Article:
When you criticize Christianity or Judaism sharply, you may be deemed impolite or politically incorrect. But when you hurl similar criticisms at Islam, you may well endanger your life and precipitate an international crisis. Dacey understands, but never gets to the heart of this essential difference.This confused me, as I devote an entire chapter to Islam, as well as an extended discussion of how its inherently political nature sets it apart from other faiths.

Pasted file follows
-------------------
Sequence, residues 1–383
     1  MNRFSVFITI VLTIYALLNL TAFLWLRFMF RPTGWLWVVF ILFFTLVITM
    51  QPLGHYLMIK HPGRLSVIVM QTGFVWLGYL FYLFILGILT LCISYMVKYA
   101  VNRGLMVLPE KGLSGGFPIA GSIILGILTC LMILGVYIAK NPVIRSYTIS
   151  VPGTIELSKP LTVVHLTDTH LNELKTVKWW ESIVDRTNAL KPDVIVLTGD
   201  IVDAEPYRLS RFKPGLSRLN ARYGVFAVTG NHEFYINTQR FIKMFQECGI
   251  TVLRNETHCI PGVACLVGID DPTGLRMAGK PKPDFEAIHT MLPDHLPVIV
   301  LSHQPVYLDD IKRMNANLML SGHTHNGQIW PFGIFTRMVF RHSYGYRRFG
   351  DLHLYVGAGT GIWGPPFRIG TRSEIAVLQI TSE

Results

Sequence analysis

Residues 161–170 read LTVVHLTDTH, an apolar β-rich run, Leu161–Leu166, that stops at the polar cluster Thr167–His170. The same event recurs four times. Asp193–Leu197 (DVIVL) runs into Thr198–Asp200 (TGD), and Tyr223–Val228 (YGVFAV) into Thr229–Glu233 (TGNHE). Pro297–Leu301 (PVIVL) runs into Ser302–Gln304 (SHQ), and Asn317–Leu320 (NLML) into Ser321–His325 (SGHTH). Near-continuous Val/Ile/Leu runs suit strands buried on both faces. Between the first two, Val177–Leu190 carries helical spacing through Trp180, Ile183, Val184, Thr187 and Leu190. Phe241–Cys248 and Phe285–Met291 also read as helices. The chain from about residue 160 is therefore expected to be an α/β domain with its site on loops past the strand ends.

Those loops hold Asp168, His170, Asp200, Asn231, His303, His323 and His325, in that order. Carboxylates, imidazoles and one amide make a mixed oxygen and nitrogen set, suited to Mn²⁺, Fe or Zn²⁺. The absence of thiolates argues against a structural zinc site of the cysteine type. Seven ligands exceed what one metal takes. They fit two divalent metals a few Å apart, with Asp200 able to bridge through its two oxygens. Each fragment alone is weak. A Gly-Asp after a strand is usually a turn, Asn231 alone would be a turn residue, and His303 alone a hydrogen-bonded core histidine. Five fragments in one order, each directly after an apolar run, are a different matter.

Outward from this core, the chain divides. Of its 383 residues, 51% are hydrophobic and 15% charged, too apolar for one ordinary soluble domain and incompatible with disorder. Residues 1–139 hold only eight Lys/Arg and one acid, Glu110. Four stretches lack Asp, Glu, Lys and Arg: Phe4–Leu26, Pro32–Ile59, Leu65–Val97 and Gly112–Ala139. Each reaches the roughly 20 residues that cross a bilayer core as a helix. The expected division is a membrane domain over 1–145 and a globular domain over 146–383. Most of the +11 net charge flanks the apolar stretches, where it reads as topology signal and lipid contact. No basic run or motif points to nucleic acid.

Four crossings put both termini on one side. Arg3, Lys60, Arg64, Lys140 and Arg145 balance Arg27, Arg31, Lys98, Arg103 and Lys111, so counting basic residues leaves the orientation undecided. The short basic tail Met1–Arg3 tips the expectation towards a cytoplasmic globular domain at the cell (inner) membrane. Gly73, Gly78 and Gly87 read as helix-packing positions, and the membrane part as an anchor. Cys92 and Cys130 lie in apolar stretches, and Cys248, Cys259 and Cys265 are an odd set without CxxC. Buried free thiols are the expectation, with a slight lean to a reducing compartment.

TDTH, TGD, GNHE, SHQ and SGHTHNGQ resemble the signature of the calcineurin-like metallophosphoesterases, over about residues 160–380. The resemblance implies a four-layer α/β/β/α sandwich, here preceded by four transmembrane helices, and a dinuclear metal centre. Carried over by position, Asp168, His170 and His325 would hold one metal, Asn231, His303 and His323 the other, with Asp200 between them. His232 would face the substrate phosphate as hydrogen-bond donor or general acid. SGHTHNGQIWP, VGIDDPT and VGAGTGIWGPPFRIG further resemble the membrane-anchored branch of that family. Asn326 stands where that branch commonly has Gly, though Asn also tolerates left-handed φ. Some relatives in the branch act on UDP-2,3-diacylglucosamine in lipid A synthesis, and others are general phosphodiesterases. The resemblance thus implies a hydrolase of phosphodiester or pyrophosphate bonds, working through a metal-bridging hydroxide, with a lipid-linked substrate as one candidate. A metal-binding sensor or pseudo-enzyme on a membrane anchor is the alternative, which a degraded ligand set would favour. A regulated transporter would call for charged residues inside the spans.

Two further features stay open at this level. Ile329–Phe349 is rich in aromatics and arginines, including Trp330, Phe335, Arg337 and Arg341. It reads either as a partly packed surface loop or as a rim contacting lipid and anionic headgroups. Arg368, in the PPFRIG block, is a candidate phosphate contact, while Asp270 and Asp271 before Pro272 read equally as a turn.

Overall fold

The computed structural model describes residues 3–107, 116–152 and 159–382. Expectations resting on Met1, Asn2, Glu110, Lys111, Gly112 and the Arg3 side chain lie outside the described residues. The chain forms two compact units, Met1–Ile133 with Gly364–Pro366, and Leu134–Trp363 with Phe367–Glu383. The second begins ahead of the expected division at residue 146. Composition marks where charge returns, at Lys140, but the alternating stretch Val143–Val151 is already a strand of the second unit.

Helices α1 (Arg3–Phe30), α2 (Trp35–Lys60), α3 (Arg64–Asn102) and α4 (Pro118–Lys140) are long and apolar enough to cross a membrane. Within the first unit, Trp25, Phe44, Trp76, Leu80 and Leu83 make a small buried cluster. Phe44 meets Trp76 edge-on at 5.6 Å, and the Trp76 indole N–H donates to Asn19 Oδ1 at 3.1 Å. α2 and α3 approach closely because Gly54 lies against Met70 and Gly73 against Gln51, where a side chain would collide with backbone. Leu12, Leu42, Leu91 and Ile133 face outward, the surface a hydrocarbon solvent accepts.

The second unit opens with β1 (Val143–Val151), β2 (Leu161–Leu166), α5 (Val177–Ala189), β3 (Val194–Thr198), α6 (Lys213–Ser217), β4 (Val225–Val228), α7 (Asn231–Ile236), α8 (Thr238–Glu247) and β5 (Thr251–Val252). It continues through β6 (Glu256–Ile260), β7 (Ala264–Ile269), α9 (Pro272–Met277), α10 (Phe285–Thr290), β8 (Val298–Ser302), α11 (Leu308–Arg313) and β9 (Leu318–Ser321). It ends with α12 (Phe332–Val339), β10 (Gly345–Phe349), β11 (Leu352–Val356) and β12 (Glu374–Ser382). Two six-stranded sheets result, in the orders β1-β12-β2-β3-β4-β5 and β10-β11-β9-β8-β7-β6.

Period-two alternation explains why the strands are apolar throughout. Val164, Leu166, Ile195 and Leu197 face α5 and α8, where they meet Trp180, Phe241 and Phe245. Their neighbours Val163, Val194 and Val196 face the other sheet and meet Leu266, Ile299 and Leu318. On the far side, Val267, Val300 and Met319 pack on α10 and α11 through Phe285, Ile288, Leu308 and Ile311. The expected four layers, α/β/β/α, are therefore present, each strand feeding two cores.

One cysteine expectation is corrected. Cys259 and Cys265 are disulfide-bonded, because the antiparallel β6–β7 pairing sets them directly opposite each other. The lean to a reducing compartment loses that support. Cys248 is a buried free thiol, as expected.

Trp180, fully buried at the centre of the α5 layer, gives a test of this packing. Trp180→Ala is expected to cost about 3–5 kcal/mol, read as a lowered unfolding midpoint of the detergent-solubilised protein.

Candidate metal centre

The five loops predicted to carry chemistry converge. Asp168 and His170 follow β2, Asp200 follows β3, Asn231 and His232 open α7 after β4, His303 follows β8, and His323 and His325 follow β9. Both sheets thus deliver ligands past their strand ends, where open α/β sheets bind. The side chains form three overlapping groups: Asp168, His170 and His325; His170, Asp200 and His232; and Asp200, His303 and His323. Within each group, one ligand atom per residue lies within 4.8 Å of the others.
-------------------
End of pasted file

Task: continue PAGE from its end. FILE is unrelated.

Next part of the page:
From its beginnings, Christian thought placed a wedge between the temporal order and the spiritual order: “Render unto Caesar what is Caesar’s, and unto God what is God’s.” With the Christianization of the Roman Empire in the fourth century, God and Caesar found themselves sharing the same throne. Increasing interference by Rome the Empire in Church affairs spurred Christian leaders to define the civil and ecclesiastical roles more sharply. In the early fifth century, Augustine described Christians as dual citizens dwelling in the earthly City of Man but belonging to a heavenly City of God, the community of all saved souls. . . . This foundational Christian dualism has no analogue in Islamic civilization. . . . Muhammad was simultaneously the spiritual, civil, and military leader, a tribal chief. Whereas the first Christians kindled the light of their prophet in cellars, catacombs, and caves hidden from the sword of earthly power, the first Muslims followed their prophet into battle, conquering cities, then empires, for him. Where they went, they would become the earthly power.